What if an artist is more of the quiet type and not inclined to talk about themselves? Expecially with strangers. Even to sell a product. Also, when the artist in question doesn’t keep in touch with their own loved ones except by phone, then it makes sense that the idea of putting oneself “out there” is more than a little daunting. There must be another way?

    • Carolyn

      GeorgeLee, there are many artists such as this! There is nothing wrong with getting marketing help if you choose too, but here is why you still must know your story:

      Even if a gallery is promoting you, they have to know everything about you and your work and your story to be able to virtually take your place with their clients, so you must be able to tell them clearly. And – they would expect you to attend your opening, in which case you must be able to speak about yourself to guests there.

      Knowing what is special about your work, and practicing speaking about it, gives you more confidence. You know what to say, and won’t freeze up as easily. It expands your comfort zone.

      Once I attended a gallery competition opening with a loved one, who turned out to win first prize at the show. She was asked to speak about her work, but couldn’t bring herself to do so. A juror stepped in graciously and gave a quick talk about her inspiration and style. I cringed, but I understood her shyness.

      How much better would she have felt if she had practiced talking about herself and was able to pull it off? When you have prepared in advance because you are motivated to take that next step in your business, you can stand up and talk about yourself, your story and your art. And you will feel wonderful that you have been able to do so.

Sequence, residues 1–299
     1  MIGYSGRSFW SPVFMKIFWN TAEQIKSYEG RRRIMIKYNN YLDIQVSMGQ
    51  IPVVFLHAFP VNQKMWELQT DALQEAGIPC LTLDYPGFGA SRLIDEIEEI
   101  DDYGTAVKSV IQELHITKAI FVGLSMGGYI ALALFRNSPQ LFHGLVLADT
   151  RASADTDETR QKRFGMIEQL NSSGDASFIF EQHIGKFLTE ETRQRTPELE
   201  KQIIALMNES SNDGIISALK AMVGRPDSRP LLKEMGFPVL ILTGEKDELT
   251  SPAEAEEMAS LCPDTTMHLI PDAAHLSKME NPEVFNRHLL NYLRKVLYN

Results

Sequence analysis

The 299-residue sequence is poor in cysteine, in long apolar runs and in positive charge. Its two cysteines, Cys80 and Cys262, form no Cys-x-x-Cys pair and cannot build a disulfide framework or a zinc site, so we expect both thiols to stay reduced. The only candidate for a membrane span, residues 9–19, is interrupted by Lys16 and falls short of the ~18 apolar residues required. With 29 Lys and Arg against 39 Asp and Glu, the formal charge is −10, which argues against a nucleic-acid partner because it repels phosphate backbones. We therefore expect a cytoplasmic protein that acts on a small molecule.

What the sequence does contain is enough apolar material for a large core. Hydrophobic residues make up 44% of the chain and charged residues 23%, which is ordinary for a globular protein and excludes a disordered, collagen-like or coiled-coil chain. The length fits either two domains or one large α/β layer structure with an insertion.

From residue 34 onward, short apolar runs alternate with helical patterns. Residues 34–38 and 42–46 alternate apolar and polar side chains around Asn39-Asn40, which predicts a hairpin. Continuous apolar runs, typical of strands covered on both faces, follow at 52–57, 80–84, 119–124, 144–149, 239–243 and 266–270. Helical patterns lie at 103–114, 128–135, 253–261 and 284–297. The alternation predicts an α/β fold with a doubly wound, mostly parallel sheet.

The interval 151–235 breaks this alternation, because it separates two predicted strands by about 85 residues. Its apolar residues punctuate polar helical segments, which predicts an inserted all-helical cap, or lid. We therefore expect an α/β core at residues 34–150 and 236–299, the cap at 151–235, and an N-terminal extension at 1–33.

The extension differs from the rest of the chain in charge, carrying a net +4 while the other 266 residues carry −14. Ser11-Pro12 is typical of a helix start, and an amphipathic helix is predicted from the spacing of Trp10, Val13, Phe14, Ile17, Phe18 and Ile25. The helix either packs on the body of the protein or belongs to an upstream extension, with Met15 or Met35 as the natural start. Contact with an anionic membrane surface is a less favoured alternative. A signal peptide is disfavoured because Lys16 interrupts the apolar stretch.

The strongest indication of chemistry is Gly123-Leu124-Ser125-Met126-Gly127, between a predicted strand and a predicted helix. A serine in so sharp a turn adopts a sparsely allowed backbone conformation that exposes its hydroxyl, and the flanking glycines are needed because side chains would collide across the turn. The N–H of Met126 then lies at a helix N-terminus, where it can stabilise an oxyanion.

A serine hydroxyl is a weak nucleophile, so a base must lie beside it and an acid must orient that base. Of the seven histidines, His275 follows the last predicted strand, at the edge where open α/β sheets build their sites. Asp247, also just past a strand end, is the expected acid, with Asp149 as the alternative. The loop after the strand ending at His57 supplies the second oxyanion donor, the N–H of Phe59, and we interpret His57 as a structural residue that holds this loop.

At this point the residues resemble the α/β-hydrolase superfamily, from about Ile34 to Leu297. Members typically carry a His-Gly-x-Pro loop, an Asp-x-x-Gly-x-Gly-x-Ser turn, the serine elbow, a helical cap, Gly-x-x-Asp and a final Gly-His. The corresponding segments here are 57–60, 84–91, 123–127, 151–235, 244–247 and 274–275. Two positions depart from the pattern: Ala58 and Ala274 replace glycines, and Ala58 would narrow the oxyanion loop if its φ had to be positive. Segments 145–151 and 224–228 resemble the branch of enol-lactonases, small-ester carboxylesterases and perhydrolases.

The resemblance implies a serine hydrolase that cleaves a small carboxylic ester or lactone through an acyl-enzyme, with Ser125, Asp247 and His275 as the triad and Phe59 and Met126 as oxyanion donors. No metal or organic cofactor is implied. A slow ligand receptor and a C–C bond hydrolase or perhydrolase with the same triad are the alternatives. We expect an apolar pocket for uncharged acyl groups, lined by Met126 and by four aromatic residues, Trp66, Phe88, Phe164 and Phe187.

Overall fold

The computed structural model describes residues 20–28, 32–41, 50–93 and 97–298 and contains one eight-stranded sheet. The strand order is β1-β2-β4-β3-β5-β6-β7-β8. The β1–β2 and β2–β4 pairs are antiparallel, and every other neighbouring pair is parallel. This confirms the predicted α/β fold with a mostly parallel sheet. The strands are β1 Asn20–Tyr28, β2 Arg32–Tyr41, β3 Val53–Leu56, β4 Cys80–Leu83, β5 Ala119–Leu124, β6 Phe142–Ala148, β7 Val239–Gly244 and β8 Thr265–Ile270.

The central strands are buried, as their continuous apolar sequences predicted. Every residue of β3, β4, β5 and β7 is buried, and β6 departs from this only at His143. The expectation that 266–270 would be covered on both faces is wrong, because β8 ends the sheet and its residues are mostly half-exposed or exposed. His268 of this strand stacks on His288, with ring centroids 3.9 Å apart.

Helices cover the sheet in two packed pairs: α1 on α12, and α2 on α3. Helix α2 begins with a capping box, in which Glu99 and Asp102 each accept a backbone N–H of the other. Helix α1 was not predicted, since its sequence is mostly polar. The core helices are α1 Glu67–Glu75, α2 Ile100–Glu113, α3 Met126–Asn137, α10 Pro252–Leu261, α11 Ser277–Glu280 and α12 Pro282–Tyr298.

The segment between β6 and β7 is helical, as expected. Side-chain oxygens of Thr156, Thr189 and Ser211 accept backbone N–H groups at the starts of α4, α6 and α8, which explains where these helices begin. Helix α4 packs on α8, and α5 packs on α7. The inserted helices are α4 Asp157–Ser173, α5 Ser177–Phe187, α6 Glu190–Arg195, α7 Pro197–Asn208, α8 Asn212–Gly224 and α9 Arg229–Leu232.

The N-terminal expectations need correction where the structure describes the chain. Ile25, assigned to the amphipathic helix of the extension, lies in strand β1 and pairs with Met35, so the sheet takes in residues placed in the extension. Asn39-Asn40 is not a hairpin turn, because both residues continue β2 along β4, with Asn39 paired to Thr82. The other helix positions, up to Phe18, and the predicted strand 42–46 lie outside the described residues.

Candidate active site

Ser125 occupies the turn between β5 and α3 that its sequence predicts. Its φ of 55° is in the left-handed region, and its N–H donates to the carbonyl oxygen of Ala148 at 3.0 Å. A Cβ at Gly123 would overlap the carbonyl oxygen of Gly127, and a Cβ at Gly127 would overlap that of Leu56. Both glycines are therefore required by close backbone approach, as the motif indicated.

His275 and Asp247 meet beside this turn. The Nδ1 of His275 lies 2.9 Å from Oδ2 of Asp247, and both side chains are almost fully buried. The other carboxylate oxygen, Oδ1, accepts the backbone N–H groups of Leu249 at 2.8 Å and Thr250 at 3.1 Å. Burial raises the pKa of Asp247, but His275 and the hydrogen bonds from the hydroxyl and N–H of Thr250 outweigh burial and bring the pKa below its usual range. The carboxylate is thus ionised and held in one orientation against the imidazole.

• Jaime Haney

    Carolyn, I love this article. It applies to me to at this stage in my art career. I would love to see some links to artist stories that you think are a great example. It may help get my juices flowing for re-vamping mine.

    Jaime Haney at http://www.jaimehaney.com

    • Carolyn

      Absolutely, Jaime! I encourage artists to tell their stories, right on the Artsy Shark blog. In fact, over 260 artists have been featured there, and each one has told their story in their own words.

      Here is a link to the Featured Artist Gallery http://www.artsyshark.com/category/featured-artists/

      Scroll through the featured artist pages and see what you think. Which ones do you think are most effective? How did artists tell compelling stories? How can you tell your own story so that it makes a connection too?

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  • arklington

    As a buyer, I find this advice particularly useful. Despite being a very deep person (hence my interest in art), it helps if I can see the photograph of the artist so that I know I’m not giving my money to anyone either too ugly or too old. I also know the odd artist or two, and they’ve often found that their sales have risen exponentially once they change their story to second guess their customer’s prejudices.

    A friend of mine who gave up his job as a chartered accountant to be a painter was finding things heavy going – despite his obvious talent – but once he re-invented himself as a recovering meth addict, pimp and gang henchman who taught himself to paint in prison: voila! Everybody suddenly wanted to buy into his depth, intensity, “journey” and new-found sincerity.

    So there you have it: if your current truth isn’t shifting units, simply dream up a new one.

    • Carolyn

      While I wouldn’t advocate making up a story, it certainly makes a difference when artists present themselves as people – and very interesting ones at that. As mentioned in the article, your customers are buying a little part of your creativity and artistic soul. This is emotionally valuable – and sales are emotional. Art collectors take great pride in ownership, and it’s not all because of resale value of the art.

      Artists should look at their life and their inspirations deeply, and create a narrative which is authentic and also appealing to their prospective clients.